April 24, 2018 | Rosemarie Day and Niko Lehman-White

Four MACRA-Related Payment Changes that Medicare Providers Need to Know in 2018

It has been three years since the Medicare and CHIP Reauthorization Act (MACRA) passed the House and Senate with over 90% support, representing the most substantial change to government-funded healthcare since the Affordable Care Act. It alters the payment system for Medicare through the Merit-Based Incentive Payment System (MIPS) and Advanced Payment Model (APM) tracks, both of which represent significant shifts to value-based payment models.

MIPS-eligible Medicare providers had until March 31, 2018 to submit their 2017 performance year data to CMS, who will increase or decrease their billings based on how they performed in relation to quality, improvement activities, and electronic medical record (EMR) use. Those who experienced difficulty with their submission should recognize the imperative to better prepare for the future because the requirements, standards, and penalties of the law will rise with each passing year. Beginning in performance year 2018, cost will be added to the list of scoring criteria and the “pick your pace” program that allows minimal data submission will have higher standards. In performance year 2019, pick your pace will sunset and half of participating providers will see their Medicare revenues adjusted downward. By performance year 2020, 9% of revenues will be at stake.

MIPS participation will be compulsory for the 37% of physicians with Medicare patients who meet the minimum threshold. Most have experienced limited impact as of yet, but in the coming years the effects of this legislation will accelerate, transforming the Medicare payment and delivery systems. Here are the biggest changes that will be felt in the MIPS track beginning in the 2018 performance year and continuing through the program’s maturation in 2020.

  1. More money at stake. MIPS payment adjustments will phase in gradually: the maximum 4% adjustments in performance year 2017 will grow to their final level of 9% in 2020. This higher degree of risk, combined with the sunsetting of pick your pace, means that there will be more money from negative adjustments going into the pot, and more money for positive adjustments coming out of it. Expect much more revenue to shift from providers with low scores to those with high scores because of this.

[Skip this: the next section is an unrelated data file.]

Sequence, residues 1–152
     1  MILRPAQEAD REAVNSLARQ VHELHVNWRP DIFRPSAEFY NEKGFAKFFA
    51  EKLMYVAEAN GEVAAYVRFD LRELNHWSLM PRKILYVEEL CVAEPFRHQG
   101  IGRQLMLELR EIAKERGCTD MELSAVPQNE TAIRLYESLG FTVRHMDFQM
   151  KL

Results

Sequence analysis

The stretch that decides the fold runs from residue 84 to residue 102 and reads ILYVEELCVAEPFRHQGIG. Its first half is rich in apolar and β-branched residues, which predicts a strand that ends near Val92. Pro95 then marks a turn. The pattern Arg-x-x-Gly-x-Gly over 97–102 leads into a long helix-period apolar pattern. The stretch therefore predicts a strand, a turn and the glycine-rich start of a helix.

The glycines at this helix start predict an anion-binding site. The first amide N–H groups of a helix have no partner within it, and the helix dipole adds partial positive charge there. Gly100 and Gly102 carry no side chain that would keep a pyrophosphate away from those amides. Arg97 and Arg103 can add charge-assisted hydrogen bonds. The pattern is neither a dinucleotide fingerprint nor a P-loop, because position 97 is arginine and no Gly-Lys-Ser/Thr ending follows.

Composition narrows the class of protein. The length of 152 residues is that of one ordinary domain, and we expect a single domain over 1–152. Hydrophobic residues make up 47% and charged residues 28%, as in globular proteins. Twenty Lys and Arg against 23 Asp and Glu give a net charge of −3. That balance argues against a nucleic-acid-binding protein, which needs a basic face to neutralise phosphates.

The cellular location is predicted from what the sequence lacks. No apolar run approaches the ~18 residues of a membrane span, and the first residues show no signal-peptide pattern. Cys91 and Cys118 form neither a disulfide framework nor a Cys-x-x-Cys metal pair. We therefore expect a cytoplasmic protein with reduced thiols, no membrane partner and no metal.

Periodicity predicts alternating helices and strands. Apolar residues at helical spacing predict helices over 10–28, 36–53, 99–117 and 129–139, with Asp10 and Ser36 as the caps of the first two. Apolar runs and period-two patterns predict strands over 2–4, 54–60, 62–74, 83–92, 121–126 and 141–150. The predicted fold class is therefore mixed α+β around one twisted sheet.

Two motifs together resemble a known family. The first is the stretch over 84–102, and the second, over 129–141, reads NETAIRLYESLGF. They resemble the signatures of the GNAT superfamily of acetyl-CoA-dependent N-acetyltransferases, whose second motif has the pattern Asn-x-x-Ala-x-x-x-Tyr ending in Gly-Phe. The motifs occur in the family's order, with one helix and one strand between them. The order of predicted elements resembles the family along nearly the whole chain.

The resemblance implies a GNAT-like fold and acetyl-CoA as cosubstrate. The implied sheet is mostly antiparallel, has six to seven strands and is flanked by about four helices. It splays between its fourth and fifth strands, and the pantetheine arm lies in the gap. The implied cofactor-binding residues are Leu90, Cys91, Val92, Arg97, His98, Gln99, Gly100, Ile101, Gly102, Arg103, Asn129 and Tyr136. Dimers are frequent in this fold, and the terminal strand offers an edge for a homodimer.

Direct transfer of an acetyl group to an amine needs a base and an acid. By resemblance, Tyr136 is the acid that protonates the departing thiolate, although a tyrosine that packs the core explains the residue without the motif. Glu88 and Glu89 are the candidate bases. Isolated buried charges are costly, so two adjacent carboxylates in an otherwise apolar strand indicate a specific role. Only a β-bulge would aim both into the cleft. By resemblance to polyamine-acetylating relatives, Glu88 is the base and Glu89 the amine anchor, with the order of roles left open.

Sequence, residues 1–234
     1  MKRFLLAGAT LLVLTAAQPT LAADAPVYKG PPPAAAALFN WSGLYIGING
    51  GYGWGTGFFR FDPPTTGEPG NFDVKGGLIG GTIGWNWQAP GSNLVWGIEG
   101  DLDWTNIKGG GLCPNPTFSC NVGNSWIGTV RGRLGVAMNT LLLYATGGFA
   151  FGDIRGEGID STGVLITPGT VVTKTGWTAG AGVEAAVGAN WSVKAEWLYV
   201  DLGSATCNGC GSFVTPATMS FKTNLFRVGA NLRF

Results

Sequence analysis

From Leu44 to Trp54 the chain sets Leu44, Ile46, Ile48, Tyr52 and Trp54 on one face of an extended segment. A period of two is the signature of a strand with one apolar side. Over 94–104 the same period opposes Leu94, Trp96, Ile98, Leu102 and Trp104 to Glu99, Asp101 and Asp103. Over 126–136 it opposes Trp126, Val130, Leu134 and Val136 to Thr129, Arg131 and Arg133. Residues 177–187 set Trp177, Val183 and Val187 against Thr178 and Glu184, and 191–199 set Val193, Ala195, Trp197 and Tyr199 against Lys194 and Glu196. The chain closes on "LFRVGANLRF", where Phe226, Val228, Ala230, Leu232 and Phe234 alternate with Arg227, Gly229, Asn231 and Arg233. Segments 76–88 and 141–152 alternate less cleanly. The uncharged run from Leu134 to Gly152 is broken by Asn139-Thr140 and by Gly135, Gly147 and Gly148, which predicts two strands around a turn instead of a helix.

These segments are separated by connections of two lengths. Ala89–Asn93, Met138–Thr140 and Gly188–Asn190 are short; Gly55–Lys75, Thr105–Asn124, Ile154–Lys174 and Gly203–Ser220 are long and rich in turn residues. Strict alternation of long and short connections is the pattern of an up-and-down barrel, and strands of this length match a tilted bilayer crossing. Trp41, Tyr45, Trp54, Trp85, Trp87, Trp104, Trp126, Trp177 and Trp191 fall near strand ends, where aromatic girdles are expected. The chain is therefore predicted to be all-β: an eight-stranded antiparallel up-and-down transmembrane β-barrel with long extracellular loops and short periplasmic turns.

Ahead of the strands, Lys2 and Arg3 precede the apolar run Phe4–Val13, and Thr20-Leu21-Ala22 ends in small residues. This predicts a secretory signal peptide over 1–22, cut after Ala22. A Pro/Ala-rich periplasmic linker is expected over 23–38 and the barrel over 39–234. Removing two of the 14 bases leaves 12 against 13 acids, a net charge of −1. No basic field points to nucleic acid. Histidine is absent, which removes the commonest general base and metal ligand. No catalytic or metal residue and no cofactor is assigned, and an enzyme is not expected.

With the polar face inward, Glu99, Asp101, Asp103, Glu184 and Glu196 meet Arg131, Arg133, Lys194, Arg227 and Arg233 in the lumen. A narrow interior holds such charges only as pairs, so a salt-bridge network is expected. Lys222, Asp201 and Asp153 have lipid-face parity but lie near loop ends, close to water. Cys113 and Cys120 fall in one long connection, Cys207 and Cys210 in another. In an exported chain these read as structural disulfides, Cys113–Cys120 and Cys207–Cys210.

MACRA 4-24

  1. More negative adjustments. By performance year 2019, the performance threshold for MIPS will be high enough that half of its providers to fall below it. Awareness of data submission requirements, topped out measures and alternate reporting options like virtual groups will be important for providers who want to be prepared for this new environment.
  1. Fewer participants, with larger average size. Providers with fewer than $90,000 in Part B charges or fewer than 200 Medicare patients will be exempt from these requirements. This new threshold was established in MACRA’s 2018 Final Rule. As a result, 134,000 mostly small-practice clinicians will be excluded, and the pool of providers competing for positive adjustments will consist of larger entities with lots of capital and the ability to leverage their economies of scale to improve their scores through cost-effective, centralized resources like reporting systems, EMRs, chronic disease programs, care management, and quality improvement programs.
  1. More difficult submission requirements. The “pick your pace” program allowed physicians to avoid negative adjustments and submit minimal data. As this program terminates, practices that have been putting off the development of quality reporting capabilities will need to build them quickly.

Like or dislike MIPS, the MACRA legislation is going to affect the healthcare industry in profound ways. Rising payment adjustments will mean that innovative patient-centered programs that have until now been more in the wheelhouse of global or capitated payment-focused entities like ACOs will have an increasingly appealing return on investment for a broader range of providers. On the other hand, of the providers required to be in MIPS, the advantage enjoyed by larger entities with greater economies of scale could incentivize provider consolidation, which often results in higher prices. The full ramifications of MACRA are uncertain, but what we can say for certain is that the train has left the station, and providers caring for large Medicare populations will need to get on board quickly or risk revenue losses up to 9%.